I think the strength of Sandy and our relationship was tested even more the second time around. I wish to acknowledge the positivity & strength that was shown by Sandy and recognize the benefits to our relationship.

With Erika, what important parts of myself and birth did I learn about?

That I don’t need to be in control of every aspect of my partners life to be supportive. Sometimes your partner needs to do things on their own but understand you are there to help and listen when required. I will apply this type of support to my parenting In the future.

Is there anything I would like to do differently next time I am pregnant / give birth / parent?

Not a thing, this time around was totally different. It was great. Erika gave me a balance between home birthing and modern medicine that I was comfortable with.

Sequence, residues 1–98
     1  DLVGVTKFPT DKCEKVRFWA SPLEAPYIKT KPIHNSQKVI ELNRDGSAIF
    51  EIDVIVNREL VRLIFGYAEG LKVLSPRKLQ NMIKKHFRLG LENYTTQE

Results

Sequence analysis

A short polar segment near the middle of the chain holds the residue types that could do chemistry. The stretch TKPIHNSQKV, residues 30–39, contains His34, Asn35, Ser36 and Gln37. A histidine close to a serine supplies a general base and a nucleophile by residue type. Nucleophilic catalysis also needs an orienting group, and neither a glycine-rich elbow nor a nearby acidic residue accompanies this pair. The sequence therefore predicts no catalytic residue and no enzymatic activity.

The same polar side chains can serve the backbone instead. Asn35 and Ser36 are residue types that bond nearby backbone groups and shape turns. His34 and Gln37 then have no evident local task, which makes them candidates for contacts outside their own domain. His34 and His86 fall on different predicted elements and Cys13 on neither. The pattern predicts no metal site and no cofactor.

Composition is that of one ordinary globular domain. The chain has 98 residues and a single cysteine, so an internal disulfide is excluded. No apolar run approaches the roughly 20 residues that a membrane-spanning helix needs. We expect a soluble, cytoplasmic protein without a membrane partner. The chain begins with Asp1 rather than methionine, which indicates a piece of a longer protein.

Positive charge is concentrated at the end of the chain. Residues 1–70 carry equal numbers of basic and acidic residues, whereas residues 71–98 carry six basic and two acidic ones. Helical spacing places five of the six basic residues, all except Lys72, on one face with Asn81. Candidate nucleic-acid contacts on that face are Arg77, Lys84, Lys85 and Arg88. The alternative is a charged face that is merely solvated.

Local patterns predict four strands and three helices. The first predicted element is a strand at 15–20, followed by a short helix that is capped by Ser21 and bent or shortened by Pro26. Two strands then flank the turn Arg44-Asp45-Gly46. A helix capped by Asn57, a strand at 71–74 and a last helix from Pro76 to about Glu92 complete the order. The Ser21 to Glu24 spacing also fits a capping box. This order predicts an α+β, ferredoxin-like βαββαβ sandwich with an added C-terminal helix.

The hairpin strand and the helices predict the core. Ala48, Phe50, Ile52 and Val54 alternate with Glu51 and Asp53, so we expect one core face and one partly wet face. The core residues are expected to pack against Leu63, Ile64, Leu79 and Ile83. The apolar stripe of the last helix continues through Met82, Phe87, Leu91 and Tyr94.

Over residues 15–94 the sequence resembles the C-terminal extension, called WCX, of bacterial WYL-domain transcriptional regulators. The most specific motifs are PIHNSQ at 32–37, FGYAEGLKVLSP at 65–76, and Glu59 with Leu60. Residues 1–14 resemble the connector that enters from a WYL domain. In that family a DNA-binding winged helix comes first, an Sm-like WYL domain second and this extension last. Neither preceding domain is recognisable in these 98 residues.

What were the benefits in having doula support?

Someone we could turn to with the sole agenda of supporting the needs of the mother and parents. This gave as a trust that was never there with hospital staff or our family.

  • Regarding preparation for life with my baby

The open discussions we had regarding alternative ways of living, birthing & parenting was a breath of fresh air. So many people and professionals listen to you, only to tell you that you are sort of on the right track. I found our open conversation with Erika to be accepting of alternative lifestyles and mature open discussions.
Matt’s Birth Story

I grew up hearing stories about men not caring or wanting to be involved in pregnancy or child birth, my father & my father’s father. These stories seemed so clean cut. Black and white.

The truth is, pregnancy is first and foremost a woman’s ‘journey’ and the pragmatic, clinical nature of man’s logic has no place in maternity. Our ‘outcomes’ definition of ‘success’ seems to neglect one essential part of pregnancy and often many parts of life. The ‘journey’.